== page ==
The model that ate Europe is back, and it’s bigger than ever

The FuturICT Knowledge Accelerator, a grand unified model of everything, is back in the news.

What if global scale computing facilities were available that could analyse most of the data available in the world? What insights could scientists gain about the way society functions? What new laws of nature would be revealed? Could society discover a more sustainable way of living? Developing planetary scale computing facilities that could deliver answers to such questions is the long term goal of FuturICT.

I’ve been rather critical of this effort before, but I think there’s also much to like.

  • An infrastructure for curated public data would be extremely useful.
  • There’s much to be gained through a multidisciplinary focus on simulation, which is increasingly essential and central to all fields.
  • Providing a public portal into the system could have valuable educational benefits.
  • Creating more modelers, and more sophisticated model users, helps build capacity for science-based self governance.

But I still think the value of the project is more about creating an infrastructure, within which interesting models can emerge, than it is in creating an oracle that decision makers and their constituents will consult for answers to life’s pressing problems.

  • Even with Twitter and Google, usable data spans only a small portion of human existence.
  • We’re not even close to having all the needed theory to go with the data. Consider that general equilibrium is the dominant modeling paradigm in economics, yet equilibrium is not a prevalent feature of reality.
  • Combinatorial explosion can overwhelm any increase in computing power for the foreseeable future, so the very idea of simulating everything social and physical at once is laughable.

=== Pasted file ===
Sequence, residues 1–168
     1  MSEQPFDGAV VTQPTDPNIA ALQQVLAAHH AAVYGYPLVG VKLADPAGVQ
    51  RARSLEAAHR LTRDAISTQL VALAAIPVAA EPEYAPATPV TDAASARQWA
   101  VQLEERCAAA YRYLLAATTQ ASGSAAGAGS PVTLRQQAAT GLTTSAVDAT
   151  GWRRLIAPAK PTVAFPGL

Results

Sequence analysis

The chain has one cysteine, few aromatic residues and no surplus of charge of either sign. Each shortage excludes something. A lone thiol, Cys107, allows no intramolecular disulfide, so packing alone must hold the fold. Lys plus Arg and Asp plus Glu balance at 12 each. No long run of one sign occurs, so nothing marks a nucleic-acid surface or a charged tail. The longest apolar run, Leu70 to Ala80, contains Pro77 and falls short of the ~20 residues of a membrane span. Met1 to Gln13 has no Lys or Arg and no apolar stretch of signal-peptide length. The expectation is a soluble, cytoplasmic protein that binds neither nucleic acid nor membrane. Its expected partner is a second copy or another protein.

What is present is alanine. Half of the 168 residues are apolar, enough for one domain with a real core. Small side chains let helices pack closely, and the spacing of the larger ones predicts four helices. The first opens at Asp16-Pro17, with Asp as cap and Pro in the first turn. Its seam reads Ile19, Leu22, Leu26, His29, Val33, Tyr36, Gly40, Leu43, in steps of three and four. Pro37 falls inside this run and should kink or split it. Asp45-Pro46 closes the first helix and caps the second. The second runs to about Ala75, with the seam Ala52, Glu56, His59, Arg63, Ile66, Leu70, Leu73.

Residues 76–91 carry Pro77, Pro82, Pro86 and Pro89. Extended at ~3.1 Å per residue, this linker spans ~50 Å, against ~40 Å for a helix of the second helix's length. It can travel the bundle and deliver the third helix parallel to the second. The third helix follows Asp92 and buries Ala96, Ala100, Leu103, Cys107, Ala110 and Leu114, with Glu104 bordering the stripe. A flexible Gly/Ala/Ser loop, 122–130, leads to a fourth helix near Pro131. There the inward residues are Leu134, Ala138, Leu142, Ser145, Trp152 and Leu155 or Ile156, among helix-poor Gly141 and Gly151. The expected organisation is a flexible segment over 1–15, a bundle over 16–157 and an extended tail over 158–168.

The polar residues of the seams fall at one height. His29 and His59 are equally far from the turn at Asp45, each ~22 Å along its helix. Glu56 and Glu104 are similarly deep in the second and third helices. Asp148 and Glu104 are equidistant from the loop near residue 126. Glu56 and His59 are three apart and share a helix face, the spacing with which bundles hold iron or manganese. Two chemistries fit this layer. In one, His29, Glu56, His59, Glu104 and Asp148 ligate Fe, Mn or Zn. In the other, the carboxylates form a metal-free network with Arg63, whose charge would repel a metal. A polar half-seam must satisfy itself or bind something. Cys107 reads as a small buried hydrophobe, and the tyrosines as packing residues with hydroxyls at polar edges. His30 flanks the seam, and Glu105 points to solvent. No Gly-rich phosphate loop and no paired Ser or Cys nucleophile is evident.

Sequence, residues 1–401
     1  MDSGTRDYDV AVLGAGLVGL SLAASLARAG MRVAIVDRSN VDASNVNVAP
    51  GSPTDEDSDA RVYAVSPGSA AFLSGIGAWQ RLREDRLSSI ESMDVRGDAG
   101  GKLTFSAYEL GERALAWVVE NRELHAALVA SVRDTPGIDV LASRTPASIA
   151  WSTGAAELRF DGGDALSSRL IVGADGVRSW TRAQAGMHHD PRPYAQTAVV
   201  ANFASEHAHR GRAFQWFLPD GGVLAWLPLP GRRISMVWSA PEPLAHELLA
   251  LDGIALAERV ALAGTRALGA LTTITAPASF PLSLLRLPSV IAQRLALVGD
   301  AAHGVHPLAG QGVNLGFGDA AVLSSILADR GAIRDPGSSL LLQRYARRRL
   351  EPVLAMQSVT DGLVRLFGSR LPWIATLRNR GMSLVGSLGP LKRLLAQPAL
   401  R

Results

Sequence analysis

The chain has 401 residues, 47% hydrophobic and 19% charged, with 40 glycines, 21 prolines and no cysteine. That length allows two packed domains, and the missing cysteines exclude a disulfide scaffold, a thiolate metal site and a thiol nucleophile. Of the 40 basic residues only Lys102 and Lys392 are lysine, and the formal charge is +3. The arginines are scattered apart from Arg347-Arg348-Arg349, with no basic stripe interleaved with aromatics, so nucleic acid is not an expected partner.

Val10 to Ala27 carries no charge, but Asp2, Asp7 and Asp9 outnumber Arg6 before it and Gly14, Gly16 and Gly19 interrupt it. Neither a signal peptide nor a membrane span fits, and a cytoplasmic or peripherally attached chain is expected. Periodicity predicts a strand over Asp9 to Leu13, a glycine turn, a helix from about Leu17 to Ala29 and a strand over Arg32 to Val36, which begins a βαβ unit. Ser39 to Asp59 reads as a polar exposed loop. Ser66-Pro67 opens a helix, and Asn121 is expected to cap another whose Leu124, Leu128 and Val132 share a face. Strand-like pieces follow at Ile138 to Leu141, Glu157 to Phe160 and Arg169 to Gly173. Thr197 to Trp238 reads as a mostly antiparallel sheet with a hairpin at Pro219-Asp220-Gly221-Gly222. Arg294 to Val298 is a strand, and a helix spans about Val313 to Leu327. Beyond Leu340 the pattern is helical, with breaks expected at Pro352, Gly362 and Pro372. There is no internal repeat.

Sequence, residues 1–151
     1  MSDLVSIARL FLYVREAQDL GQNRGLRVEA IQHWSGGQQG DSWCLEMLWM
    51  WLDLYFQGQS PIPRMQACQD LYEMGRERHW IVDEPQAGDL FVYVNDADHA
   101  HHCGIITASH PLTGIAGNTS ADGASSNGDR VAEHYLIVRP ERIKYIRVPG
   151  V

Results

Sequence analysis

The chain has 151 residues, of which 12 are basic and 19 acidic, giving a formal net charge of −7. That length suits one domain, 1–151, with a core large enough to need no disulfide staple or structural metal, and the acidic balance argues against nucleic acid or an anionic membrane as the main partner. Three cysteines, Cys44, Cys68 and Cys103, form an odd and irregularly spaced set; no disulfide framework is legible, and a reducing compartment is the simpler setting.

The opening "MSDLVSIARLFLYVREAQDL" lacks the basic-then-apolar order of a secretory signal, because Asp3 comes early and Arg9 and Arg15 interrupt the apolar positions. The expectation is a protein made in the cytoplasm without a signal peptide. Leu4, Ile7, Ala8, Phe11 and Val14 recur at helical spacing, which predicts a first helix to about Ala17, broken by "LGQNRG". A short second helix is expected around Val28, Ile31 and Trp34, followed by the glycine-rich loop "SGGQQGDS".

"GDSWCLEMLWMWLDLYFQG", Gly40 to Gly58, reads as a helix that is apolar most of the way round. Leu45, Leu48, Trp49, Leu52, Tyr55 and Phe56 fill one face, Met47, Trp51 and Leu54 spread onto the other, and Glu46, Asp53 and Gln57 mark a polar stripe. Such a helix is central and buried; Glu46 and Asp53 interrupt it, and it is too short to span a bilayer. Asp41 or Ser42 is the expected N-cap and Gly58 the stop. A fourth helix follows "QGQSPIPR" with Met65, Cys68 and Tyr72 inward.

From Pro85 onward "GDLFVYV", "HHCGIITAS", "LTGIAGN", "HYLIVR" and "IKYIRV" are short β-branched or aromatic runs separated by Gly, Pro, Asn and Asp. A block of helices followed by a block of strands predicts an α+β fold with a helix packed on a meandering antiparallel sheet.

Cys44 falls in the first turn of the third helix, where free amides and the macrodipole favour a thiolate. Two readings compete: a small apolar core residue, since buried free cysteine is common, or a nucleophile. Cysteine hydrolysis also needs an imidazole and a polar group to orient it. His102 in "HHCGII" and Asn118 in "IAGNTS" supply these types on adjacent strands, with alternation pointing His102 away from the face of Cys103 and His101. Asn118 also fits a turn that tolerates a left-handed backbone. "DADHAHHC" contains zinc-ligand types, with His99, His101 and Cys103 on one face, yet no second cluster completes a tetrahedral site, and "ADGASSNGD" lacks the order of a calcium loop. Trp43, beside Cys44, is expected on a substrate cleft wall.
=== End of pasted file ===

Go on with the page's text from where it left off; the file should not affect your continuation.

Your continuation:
• Even if the technical hurdles can be overcome,
    • People are apparently happy to hold beliefs that are refuted by the facts, as long as buffering stocks afford them the luxury of a persistent gap between reality and mental models.
    • Decision makers are unlikely to cede control to models that they don’t understand or can’t manipulate to generate desired results.

I don’t think you need to look any further than the climate debate and the history of Limits to Growth to conclude that models are a long way from catalyzing a sustainable world.

If I had a billion Euros to spend on modeling, I think less of it would go into a single platform and more would go into distributed efforts that are working incrementally. It’s easier to evolve a planetary computing platform than to design one.

With the increasing accessibility of computing and visualization, we could be on the verge of a model-induced renaissance. Or, we could be on the verge of an explosion of fun and pretty but vacuous, non-transparent and unvalidated model rubbish that lends itself more to propaganda than thinking. So, I’d be plowing a BIG chunk of that billion into infrastructure and incentives for model and data quality.

2 thoughts on “The model that ate Europe is back, and it’s bigger than ever

  1. JP de Vooght

    I had spotted FuturICT when I began researching cybersyn-style sub-projects. This FuturICT appeared to me as an attempt to reproduce Chile’s S4 model for the CORFO project lead by Stafford Beer in the early seventies. Futuro as they called it was inspired by Forrester’s models and ran on DYNAMO. This one has a much wider scope and indeed raises many questions. I understand it also makes heavy use of agent-based modeling which adds yet more twists.

    We are all aiming at understanding complex intertwined socio-technical systems. We seek a shared model of understanding. Unfortunately, we seem trapped by top-down thinking and centralized approaches e.g. Rio+20. A distributed approach to understanding would be terrific! Distributed groups could sense their portion of the domain in focus and iterate over sub-models. The democratization of ICT and sensing technologies in general (even environmental such as http://airqualityegg.wikispaces.com/) are leaving lots of opportunities for micro-contributions from instrument or software making for data gathering, collecting data, modeling and discussing. I wouldn’t be surprised this emerges in the coming years as mega-initiatives face difficulties due to their own weight…

  2. Tom Fid

    My guess is that the reality of this project would become rather decentralized as the unwieldiness of the big hardware/db at its core became apparent. But it seems a lot more efficient to design it that way from the outset.

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